Even if you haven’t had a chance to visit Tanzania yet, you may have had a little taste of it…in your coffee cup!
The country is now the 19th-largest producer of coffee in the world, exporting over 50,000 tons of coffee every year, but it came to the coffee game relatively recently. The crop may have been introduced as long ago as the 16th century (the beans chewed raw as a stimulant, or even used as money by certain tribes), but the coffee industry in Tanzania didn’t start up until the turn of the 20th century, when German colonists started cultivating it as a cash crop.
Coffee plantation at Gibb’s Farm, located in the Ngorongoro Highlands of Tanzania
Over 90% of the country’s coffee is produced by small farmers, most of whom grow Arabica beans (70% of the crop is Arabica). This type of bean flourishes at higher altitudes, and coffees from the slopes of Kilimanjaro and Mount Meru—often sold under the names “Arusha,” “Moshi,” or, predictably, “Kilimanjaro”—are considered the highest quality in the country. In general, better Tanzanian coffees are described as having a rich flavor, medium to full body, and a distinctive acidity.
For American consumers, Tanzanian coffees might often have another distinctive characteristic: they’re often peaberry coffees. When growing coffee (in any region and at any elevation), some amount of the beans develop into peaberries, coffee beans that grow singly inside the coffee cherry fruit (it’s more typical for the bean to divide in two during growth, leaving each bean with a distinctive flat side). Some connoisseurs believe peaberries have a superior flavor, since two beans have been “concentrated” into one; they’re often believed to be brighter tasting, and lighter-bodied, than normal beans grown in the same conditions. Roasters often also prefer peaberries; with no flat side, they move more consistently in the pan, preventing burning and creating a more reliable product.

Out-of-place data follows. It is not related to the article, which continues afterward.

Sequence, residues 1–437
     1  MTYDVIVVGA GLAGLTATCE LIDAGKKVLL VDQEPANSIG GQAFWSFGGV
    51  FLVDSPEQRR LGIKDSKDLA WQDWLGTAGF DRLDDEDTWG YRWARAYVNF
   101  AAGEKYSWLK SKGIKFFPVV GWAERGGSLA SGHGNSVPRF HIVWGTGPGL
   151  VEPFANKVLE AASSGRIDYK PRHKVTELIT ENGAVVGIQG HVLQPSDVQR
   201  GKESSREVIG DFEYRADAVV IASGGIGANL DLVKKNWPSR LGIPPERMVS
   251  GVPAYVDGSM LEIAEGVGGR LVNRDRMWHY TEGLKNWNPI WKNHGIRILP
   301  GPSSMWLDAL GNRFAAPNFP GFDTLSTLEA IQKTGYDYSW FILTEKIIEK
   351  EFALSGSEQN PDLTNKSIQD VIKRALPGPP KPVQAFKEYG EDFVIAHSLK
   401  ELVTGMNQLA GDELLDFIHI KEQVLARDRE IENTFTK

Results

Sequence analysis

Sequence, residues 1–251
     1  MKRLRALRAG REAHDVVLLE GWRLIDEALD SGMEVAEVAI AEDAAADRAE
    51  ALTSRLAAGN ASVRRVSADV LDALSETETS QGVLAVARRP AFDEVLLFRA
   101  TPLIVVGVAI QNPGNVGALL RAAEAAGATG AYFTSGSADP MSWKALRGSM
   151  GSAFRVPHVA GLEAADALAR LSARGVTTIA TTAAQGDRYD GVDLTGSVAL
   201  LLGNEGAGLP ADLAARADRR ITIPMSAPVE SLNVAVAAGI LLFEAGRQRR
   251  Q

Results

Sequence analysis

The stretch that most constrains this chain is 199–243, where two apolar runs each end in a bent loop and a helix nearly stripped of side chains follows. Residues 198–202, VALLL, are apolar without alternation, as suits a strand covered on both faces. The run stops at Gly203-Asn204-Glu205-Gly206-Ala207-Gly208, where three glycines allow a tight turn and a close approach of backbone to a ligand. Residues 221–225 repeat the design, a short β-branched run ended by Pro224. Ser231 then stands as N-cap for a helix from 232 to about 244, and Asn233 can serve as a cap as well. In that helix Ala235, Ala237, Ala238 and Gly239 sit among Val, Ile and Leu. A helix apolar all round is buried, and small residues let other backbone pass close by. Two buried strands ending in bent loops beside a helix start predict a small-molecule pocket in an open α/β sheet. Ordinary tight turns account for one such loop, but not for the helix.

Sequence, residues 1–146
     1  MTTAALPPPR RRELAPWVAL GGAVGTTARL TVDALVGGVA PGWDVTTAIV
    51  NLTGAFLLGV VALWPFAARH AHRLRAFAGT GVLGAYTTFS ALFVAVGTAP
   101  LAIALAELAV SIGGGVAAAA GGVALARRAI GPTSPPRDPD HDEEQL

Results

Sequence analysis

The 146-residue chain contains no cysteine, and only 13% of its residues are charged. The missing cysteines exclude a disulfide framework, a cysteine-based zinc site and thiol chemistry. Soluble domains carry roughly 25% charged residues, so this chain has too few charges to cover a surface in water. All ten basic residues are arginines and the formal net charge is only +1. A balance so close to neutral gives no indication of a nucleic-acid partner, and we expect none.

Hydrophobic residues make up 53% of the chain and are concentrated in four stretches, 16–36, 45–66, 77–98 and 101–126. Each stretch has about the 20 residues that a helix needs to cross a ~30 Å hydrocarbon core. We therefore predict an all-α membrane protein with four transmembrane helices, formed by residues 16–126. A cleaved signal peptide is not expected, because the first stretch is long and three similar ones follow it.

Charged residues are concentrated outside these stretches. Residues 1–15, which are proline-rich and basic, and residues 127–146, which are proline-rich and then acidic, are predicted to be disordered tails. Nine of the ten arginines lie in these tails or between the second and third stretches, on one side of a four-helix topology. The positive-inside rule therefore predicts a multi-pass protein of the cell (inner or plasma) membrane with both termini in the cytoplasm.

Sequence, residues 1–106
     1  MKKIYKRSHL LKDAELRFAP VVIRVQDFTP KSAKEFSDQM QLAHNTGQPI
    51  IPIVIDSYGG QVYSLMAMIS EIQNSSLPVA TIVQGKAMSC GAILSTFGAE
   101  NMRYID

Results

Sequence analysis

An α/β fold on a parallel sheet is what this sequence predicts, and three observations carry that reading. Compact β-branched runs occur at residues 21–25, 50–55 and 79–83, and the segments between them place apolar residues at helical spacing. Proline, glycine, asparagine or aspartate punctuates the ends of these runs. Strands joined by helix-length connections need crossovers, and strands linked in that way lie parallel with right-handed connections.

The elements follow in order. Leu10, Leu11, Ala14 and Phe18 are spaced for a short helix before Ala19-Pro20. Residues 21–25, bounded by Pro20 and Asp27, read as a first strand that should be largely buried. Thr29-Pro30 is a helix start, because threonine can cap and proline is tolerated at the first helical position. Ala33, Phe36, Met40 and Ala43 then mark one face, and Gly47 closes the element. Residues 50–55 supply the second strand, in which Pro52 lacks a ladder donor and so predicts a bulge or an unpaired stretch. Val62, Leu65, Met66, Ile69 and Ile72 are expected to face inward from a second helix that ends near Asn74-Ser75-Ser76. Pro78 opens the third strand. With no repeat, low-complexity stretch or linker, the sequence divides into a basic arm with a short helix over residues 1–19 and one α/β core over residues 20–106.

Peaberry coffee beans have a “seam,” but no flat side, a fact that makes them easier to roast.
For these reasons, peaberry coffees are often marketed as specialty brews, and priced accordingly. While that may seem like a negative, in the end American consumers may be benefitting; the US market is essentially getting only Tanzania’s “cream of the crop” coffee beans, which can otherwise vary widely in quality from grower to grower.
So next time you’re looking to experience Tanzania, go no further than the coffee pot in the kitchen. It may not be quite as “full-bodied” an experience as you’ll get by visiting the country, but it’s a great way to start your day with just a hint of East African flavor!